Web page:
When the switch is pushed, the current goes to ground and the voltage drops to 0. The pin now has no current running through it, and is in a LOW state, or "off". Now you may be thinking ok well I'm pressing a button so shouldn't that mean it's on? That is totally up to you! HIGH and LOW have no meaning until you give it meaning. The pull-down resistor setup is configured so that LOW means off and HIGH means on, but even in that configuration someone can say it's actually the opposite!

Capacitors are used to stabilize voltage so voltage-sensitive circuitry, such as pins, don't happen to misfire. Turns out voltage in circuits "wobble" and are not constant. Capacitors help with that. Inductors are used to transform AC to DC. Combining capacitors and inductors are used for signal processing. Transistors are of course switches, which are used to create AND and OR conditions in a circuit (called gates). These are called passive linear circuit elements. 

Where The Fun Begins

Step 1: Prepare and Plan

So what needs to be done first is finding out if the RPi can power this thing on its own. Turns out, it can't. The LCD requires around 273mA. I found this tracing the power source back to the battery, which was 9V. Along the way was a 33ohm resistor. To find out how much current this is drawing, we plug in these numbers into Ohm's Law:

R = V / I

Since we want to have to find I we'll have to rearrange:

I = V / R

I = 9 / 33

I = 0.272727...

Now can the RPi power it? No. The RPi's 3.3V pins supply up to 15mA. What we'll have to do is hook up a 9V battery to the display and a resistor. The display is supposed to run at 60Hz as well, I think. At this point I hopped onto ##electronics on freenode to get some guidance. The plan of attack was to turn a GPIO pin on and off fast enough to simulate a 60Hz signal.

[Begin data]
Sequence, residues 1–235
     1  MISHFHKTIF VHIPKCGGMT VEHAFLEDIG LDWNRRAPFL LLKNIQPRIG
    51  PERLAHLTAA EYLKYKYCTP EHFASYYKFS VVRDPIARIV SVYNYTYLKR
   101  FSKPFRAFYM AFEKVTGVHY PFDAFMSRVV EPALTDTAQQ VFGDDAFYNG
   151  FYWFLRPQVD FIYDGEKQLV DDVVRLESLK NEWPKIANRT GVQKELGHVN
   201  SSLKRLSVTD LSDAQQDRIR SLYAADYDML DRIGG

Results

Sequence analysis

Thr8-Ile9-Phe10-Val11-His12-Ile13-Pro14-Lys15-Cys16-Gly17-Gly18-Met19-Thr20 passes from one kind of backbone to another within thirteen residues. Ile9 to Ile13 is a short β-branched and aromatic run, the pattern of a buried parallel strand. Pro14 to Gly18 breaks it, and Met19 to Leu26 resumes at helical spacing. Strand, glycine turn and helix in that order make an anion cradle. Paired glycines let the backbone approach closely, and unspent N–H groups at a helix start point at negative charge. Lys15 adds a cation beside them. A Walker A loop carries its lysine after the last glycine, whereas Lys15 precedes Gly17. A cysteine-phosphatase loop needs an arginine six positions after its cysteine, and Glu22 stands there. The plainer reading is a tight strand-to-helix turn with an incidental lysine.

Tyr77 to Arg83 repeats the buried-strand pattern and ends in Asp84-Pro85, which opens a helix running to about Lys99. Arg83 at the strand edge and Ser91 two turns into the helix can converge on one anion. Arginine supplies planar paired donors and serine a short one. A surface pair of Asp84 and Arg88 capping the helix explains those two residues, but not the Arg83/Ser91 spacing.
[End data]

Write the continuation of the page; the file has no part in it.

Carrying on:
Next is to hook up the LCD pins to the GPIO pins. Pretty straight forward.

Here is the schematic of what I had (keep reading...):

It is pretty close to completion I'd say.

Step 2: The Code

After figuring out the circuit, we write up some code to manipulate the LCD. Python has a great library for manipulating the Raspberry Pi's GPIO pins. My goal was to be able to show all the numbers on the LCD by simply echoing them into a file. Like this:

echo "23:12" > /dev/clock/LCD

And it'll show up. There are 4 LEDs around the LCD that can be lit up too. I could use those as status indicators for say, if someone has messaged me on IRC, or I have new mail:

echo "on' > /dev/clock/LED1
echo "on' > /dev/clock/LED4

and so and so forth.

I'm thinking of putting the LCD and the RPi back into the case it came in and setting it somewhere useful, like maybe my desk.

In conclusion, I hope others do some interesting things like this. It is awesome manipulating every day objects.

Step 3: Never Put Your Work in a Bag

...In actual conclusion, my led display was thrown out by my girlfriend's mother, along with my jumper cables and the bread board. So this project never got to see the light of an LED.

Lesson learned I guess. Do not trust anyone with your electronics. Yes I am a little frustrated, but in the big scheme of life it is nothing...(fuck!)


  1. I'd make them buy me new ones. Throwing my stuff out on me, how do you tolerate that?